Absent any right or legitimate interest, and lacking any evidence to the contrary submitted by the Respondent, the Respondent’s registration of a domain name confusingly similar to the Complainant’s well-known trademark suggests opportunistic bad faith (see Banca Sella S.p.A. v. Mr. Paolo Parente, WIPO Case No. D2000-1157; Veuve Clicquot Ponsardin, Maison Fondée en 1772 v. The Polygenix Group Co., WIPO Case No. D2000-0163; Parfums Christian Dior v. Javier Garcia Quintas and Christiandior.net, WIPO Case No. D2000-0226; Ferrero S.p.A. v. Mario Pisano, WIPO Case No. D2000-1794; Ferrero S.p.A. v. Publinord S.r.l., WIPO Case No. D2002-0395).
To use a domain name confusingly similar to the Complainant’s trademark is not a bona fide offering of goods within the meaning of Paragraph 4(c)(i) of the Policy (see Nikon, Inc. and Nikon Corporation v. Technilab, Inc., WIPO Case No. D2000-1774) as the Respondent seems to offer for sale the Complainant’s products (Annex 13 to the Complaint).
Moreover, the Respondent causes the domain name in issue to resolve to a website at which the Complainant’s copyrighted pictures, text and also trademark are featured, and which falsely represents that this copyrighted material is being used with the Complainant’s permission, whereas Complainant has in fact objected to its use and demanded that Respondent remove the material from its website (Annex 8 to 10 and 13 to the Complaint).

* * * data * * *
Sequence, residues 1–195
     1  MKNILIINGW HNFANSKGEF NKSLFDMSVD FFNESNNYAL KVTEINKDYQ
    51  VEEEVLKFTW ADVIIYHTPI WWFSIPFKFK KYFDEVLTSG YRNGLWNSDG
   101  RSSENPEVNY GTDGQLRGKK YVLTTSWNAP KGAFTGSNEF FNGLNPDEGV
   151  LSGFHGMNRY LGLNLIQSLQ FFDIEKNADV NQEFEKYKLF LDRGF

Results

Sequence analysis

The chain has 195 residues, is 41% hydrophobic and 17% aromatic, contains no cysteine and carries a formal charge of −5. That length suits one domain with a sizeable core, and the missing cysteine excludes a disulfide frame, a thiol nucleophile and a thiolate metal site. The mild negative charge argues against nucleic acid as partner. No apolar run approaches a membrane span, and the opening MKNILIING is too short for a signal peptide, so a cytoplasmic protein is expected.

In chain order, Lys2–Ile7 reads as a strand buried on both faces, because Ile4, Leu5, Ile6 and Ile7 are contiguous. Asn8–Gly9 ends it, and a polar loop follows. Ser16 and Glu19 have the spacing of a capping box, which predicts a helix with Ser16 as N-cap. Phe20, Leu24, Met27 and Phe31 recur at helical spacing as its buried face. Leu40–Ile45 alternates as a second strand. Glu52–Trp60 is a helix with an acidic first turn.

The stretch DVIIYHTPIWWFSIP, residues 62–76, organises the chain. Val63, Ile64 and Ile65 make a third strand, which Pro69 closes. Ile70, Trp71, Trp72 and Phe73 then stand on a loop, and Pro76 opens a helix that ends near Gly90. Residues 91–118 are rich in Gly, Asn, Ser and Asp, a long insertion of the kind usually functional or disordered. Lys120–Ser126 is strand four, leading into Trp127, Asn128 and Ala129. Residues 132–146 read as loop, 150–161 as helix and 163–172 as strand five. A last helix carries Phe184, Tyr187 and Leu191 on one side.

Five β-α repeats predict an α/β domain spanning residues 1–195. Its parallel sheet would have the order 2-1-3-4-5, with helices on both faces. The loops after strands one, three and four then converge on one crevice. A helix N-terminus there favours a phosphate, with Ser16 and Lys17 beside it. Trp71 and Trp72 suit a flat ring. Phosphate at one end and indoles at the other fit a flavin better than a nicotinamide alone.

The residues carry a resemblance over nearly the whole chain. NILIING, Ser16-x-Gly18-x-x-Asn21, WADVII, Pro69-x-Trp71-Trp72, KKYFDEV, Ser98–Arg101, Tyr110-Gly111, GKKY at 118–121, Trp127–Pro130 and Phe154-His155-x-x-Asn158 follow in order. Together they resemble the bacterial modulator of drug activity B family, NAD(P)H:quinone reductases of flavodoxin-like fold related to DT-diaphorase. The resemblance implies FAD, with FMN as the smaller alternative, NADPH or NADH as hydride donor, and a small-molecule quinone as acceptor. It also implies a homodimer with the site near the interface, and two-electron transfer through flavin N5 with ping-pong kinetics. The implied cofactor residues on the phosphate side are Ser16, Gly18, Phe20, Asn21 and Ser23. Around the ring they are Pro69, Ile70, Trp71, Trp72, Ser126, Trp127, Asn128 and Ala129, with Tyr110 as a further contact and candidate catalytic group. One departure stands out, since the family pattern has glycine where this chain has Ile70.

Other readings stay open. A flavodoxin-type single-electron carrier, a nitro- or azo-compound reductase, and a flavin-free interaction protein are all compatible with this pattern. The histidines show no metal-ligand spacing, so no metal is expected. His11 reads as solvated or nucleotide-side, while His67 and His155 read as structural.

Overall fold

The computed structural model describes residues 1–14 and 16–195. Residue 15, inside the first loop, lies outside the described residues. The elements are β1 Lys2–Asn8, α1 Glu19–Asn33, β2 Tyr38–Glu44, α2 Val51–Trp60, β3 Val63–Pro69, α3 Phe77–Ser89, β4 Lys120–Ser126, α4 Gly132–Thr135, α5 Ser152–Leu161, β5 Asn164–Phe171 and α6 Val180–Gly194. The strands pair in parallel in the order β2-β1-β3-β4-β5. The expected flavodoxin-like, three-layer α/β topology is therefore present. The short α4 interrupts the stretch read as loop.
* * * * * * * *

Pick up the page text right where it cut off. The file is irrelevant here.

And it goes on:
As the Complainant’s evidence shows (Annex 13 to the Complaint), the Respondent has been using its confusingly similar domain name to attract Internet users to a website that offers goods or services related to those which Complainant provides. The Respondent further adds to that confusion by including Complainant’s copyrighted materials on the website without authorization, and by further falsely stating that the materials are used “by permission”, both of which have the effect of falsely suggesting that Respondent’s goods or services are endorsed by Complainant.